The Thrive by Five campaign will today host a policy forum to discuss the future of early learning in Western Australia – with members of the community encouraged to attend and provide feedback.
The forum will consider a new policy paper, released today, from CoLab – Collaborate for Kids (a joint initiative between Telethon Kids Institute and Minderoo Foundation).
The policy paper considers a future system in Western Australia where every family with a child under 4 could access all the advice and support they need, from pregnancy to the first day of compulsory school, within their neighbourhood from friendly, well-trained staff with expertise in maternal and child health, early learning and parenting.
With insight from Telethon Kids Institute and the University of Western Australia Public Policy Institute, today’s forum will inform public discourse leading up to the WA state election in March 2021.
The policy forum will feature Thrive by Five CEO Jay Weatherill, Dr Rosemary Cahill from Telethon Kids Institute, The West Australian’s Federal Political Editor Lanai Scarr, Professor Shamit Saggar from UWA’s Public Policy Institute, Dr Gerardine Neylon from UWA’s Graduate School of Education and Linda Savage, former West Australian Member of Parliament and Ambassador for Children and Young People in Western Australia.
The forum is designed to encourage the broader community, business, and all sides of politics to prioritise early learning and education. Parents, educators, and stakeholders have been invited to join the interactive event to develop proposals ahead of the WA state election.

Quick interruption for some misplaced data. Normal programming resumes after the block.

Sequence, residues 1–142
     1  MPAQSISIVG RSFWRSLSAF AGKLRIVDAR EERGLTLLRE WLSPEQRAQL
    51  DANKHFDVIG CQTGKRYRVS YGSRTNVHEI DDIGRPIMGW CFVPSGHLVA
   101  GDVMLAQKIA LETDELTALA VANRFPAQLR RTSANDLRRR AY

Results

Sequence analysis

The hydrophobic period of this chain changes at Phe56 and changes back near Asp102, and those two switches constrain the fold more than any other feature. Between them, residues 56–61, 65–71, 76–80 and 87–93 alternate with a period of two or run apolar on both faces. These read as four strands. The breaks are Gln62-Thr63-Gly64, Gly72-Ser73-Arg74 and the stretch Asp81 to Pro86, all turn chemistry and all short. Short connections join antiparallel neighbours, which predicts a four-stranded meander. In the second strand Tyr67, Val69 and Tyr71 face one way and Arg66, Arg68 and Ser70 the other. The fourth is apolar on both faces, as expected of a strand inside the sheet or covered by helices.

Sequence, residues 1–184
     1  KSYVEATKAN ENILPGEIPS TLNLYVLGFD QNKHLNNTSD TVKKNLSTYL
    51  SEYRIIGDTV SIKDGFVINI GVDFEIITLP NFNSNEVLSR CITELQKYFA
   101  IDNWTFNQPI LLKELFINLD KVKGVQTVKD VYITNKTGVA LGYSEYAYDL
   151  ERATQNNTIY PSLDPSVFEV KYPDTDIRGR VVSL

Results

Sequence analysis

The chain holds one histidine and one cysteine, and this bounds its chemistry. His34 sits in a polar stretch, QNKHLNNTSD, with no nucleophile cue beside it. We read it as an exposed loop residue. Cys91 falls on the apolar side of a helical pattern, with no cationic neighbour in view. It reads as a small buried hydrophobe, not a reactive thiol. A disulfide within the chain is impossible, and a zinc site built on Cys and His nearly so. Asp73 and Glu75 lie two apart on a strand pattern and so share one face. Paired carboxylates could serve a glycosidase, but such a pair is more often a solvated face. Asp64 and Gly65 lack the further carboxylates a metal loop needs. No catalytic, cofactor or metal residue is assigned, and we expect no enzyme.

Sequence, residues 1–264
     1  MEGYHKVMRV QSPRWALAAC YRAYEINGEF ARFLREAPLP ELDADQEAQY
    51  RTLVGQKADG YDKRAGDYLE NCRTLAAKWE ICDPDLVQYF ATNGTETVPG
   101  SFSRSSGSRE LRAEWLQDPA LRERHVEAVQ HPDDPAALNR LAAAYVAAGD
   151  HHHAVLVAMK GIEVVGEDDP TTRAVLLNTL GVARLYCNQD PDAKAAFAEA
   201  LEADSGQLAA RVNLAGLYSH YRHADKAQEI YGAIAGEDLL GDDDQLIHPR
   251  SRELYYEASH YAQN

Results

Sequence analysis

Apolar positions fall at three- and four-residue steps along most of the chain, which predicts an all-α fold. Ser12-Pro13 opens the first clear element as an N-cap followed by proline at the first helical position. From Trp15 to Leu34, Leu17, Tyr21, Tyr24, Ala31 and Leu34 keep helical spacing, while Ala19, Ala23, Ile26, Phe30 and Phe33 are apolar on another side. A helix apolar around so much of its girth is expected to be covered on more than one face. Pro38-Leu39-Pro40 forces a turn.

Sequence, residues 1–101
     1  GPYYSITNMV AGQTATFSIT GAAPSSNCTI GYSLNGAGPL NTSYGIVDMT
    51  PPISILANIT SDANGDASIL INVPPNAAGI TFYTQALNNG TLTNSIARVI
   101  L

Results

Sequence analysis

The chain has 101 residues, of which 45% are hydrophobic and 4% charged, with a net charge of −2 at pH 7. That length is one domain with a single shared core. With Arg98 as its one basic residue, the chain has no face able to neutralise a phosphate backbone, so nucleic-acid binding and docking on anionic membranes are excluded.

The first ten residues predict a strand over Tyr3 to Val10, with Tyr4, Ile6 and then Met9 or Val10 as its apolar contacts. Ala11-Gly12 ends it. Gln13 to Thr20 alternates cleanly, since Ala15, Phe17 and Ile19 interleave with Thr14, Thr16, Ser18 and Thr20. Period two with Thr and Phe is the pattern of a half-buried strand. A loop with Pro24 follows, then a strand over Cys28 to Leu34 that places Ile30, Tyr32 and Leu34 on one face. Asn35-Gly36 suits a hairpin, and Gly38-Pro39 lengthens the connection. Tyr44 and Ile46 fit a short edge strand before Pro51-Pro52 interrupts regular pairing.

Thrive by Five CEO Jay Weatherill said it was time to put children at the top of the agenda in Western Australia.
“It’s time to consider what researchers, educators, early learning organisations and, most importantly, parents themselves are saying,” Mr Weatherill said. “Australia’s early learning system needs proper reform which would see more women enter the workforce, a stronger economy and reduce cost of living pressures on families, especially as we look at the COVID-19 recovery.
“This forum is the perfect way for the WA community to come together, decide what needs to change and make sure political parties are aware of these issues ahead of the state election. Let’s give our children the best chance to succeed and give politicians an understanding of what needs to be done.”